Unusually for a TV of this size, the sound system is very impressive: you'll still get a lift with a soundbar or AV receiver, but the built-in Acoustic Surface Audio+ with five screen-vibrating actuators and two subwoofers delivers surprisingly punchy sound. There's built-in Dolby Atmos decoding with 3D surround upscaling, and while it's no substitute for a dedicated surround system it's much better than most virtual surround systems we've heard.

For gamers, the icing on the TV cake is the inclusion of two HDMI 2.1 inputs with support for4K 120Hz video, variable refresh rate (VRR), and auto low latency mode (ALLM). And there’s also an Auto HDR Tone Mapping feature that kicks in specifically when playing games with a PlayStation 5 console. And for buyers in the US the Sony also includes a built-in ATSC 3.0 tuner, so the A80K is ready to receive next-gen digital TV broadcasts.

Read the full review: Sony A80K

FAQ

What is 4K resolution?

4K is, essentially, an ultra-high-definition screen resolution. Also called UHD or 4K UHD, the display technology has become the default screen resolution across all of the TVs that you’re likely to see in stores today – as well as many PC monitors, too. 

The very best UHD TVs pack over eight million pixels in their high-res displays – that’s four times the amount you’ll find on the Full HD panels in today's small TVs

You don’t necessarily need access to 4K entertainment content to enjoy the benefits of 4K resolution, either, since many of the best 4K TVs – i.e. most of the 65-inch displays on this list – boast impressive upscaling technologies that bolster content filmed in HD.

The only displays which sport a sharper picture are the 8K variety – though, being a still-new technology, choice in that department is much more limited and, naturally, 8K models are far more expensive.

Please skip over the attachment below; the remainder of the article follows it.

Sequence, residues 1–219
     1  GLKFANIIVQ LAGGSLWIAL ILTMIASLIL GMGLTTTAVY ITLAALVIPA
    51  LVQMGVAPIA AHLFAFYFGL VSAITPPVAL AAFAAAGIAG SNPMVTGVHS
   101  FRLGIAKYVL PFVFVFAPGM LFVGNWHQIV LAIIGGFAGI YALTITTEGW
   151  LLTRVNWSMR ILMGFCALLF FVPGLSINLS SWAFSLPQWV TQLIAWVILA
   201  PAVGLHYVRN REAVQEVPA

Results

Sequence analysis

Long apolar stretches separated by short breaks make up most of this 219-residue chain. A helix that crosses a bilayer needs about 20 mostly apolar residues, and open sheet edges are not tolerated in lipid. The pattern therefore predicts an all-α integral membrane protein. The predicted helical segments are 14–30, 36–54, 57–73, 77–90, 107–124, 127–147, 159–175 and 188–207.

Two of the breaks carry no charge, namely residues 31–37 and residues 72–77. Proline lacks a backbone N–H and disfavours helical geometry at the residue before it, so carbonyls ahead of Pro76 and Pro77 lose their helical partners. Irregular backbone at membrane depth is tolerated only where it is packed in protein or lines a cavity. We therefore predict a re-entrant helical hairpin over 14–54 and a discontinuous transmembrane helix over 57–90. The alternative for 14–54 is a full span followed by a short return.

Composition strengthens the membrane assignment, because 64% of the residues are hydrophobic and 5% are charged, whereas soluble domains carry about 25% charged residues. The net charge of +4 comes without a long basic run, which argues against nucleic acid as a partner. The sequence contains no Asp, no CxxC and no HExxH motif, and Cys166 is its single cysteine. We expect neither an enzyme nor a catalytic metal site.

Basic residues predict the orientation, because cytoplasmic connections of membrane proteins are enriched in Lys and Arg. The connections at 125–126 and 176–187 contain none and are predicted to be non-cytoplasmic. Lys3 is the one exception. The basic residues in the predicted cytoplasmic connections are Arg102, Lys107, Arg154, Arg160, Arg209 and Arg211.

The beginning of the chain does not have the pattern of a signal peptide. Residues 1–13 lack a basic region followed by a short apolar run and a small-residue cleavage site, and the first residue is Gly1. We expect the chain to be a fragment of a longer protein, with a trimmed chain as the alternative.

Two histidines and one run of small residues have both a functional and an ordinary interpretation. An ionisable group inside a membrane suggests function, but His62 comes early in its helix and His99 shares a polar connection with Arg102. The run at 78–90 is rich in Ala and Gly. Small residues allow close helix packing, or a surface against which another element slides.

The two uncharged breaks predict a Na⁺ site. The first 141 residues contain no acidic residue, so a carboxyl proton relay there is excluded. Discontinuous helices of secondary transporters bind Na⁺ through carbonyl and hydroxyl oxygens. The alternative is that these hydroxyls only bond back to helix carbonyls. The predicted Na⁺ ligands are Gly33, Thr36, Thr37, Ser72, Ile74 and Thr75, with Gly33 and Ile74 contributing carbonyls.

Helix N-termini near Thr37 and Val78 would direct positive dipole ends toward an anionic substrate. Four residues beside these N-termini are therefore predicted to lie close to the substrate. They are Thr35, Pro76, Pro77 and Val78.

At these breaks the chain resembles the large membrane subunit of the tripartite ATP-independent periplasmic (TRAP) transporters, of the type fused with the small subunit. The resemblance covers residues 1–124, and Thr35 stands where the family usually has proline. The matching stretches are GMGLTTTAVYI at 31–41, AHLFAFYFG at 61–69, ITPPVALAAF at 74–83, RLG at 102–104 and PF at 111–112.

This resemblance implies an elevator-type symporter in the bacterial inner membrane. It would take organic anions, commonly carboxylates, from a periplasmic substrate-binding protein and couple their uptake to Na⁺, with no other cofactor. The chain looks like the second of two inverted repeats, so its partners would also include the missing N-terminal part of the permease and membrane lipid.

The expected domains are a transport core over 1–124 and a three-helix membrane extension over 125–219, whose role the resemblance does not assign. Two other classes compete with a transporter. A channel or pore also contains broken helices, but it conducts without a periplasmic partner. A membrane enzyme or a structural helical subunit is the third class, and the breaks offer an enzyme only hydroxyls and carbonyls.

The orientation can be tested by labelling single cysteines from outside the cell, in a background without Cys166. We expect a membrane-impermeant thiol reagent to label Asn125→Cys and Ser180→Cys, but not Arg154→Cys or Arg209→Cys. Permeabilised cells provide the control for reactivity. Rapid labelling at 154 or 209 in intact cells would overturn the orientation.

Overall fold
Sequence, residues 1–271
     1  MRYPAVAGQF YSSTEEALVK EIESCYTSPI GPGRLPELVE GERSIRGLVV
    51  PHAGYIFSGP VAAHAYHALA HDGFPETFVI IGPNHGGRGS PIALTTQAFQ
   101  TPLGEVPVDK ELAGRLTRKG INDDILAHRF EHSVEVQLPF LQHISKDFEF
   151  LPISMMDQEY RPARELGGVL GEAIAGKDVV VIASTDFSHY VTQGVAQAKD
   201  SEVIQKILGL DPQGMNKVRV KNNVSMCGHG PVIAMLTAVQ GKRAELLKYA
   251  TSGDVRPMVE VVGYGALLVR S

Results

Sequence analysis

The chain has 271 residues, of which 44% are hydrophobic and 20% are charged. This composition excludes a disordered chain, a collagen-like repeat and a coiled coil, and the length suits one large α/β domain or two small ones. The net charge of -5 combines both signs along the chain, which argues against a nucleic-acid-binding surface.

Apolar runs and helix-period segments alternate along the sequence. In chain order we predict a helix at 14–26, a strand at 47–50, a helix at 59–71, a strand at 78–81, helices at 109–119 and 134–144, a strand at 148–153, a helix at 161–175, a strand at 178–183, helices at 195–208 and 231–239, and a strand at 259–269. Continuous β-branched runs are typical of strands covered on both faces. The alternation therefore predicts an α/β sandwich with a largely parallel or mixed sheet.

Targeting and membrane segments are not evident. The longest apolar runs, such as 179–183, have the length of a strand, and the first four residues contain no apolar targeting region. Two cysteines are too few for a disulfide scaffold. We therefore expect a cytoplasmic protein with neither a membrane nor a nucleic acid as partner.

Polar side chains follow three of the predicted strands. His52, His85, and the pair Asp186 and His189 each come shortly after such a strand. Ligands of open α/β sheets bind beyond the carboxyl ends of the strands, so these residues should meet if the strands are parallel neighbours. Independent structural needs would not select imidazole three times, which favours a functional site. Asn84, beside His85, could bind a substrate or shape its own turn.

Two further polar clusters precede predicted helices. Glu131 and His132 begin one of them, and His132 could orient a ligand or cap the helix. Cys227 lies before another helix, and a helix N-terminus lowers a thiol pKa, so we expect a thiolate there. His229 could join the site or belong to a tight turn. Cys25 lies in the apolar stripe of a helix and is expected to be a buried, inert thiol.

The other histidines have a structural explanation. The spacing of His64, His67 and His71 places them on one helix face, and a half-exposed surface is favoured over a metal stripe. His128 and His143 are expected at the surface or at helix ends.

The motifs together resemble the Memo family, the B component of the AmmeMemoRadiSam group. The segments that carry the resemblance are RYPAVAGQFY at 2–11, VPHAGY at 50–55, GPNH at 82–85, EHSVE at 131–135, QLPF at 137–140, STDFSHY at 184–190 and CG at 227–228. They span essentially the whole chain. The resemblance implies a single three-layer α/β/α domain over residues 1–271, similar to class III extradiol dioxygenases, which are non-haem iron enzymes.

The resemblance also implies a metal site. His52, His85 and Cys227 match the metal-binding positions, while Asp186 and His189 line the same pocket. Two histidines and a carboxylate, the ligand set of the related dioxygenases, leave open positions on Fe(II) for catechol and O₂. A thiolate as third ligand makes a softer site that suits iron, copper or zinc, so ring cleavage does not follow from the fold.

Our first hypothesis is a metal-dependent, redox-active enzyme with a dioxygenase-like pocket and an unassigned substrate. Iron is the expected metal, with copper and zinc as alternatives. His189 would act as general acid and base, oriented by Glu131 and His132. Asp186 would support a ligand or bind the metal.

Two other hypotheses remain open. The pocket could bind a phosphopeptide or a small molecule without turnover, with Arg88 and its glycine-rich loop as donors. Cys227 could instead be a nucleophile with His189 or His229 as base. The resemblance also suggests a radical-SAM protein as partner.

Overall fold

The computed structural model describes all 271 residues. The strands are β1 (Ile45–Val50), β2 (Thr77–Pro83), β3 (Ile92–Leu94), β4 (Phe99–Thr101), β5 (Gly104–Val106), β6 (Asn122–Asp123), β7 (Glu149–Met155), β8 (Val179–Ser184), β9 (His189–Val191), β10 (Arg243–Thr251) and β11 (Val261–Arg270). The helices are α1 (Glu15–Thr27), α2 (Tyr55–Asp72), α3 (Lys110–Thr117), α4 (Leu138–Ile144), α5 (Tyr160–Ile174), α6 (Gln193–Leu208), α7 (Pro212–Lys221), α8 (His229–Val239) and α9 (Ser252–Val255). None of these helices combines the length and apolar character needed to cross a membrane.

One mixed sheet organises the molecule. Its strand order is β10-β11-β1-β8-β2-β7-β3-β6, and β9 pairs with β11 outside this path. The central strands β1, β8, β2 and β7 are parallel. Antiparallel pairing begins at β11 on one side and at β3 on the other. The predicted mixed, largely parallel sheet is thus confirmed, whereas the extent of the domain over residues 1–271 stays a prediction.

Should I buy a 65-inch TV?

We’ve answered this question in a much more detailed guide elsewhere on TechRadar, but the short answer is: yes, if you can afford to. 

Basically, a bigger TV is often a better TV and, as mentioned earlier, these large-scale displays typically boast the best specification when it comes to new tech and useful features.

As 65-inch models are becoming increasingly popular, too, they’re also becoming less expensive, and we’d almost always recommend parting with a little bit more money to enjoy the benefits of such an impressive screen size.

Which is the best 4K TV brand?

The question of the best 4K TV brand (for 65-inch models, in particular) is a difficult one to answer when there’s so many great models out there. Displays from the likes of LG, Sony and Samsung regularly make this list, but they’re often joined by equivalent models from brands like Hisense and Panasonic. 

A better question might concern what to look for when buying a 65-inch 4K TV, to which we’d say picture quality, app support, other handy bells and whistles like voice control and, of course, price.

Features like HDR support, Dolby Vision and Atmos, OLED panels and the like can be real differentiators, too, when it comes to finding the 65-inch 4K TV with the best viewing experience, though it’s no surprise that the more of these extras a display has, the more expensive it tends to be. 

Today's best 65-inch 4K TV deals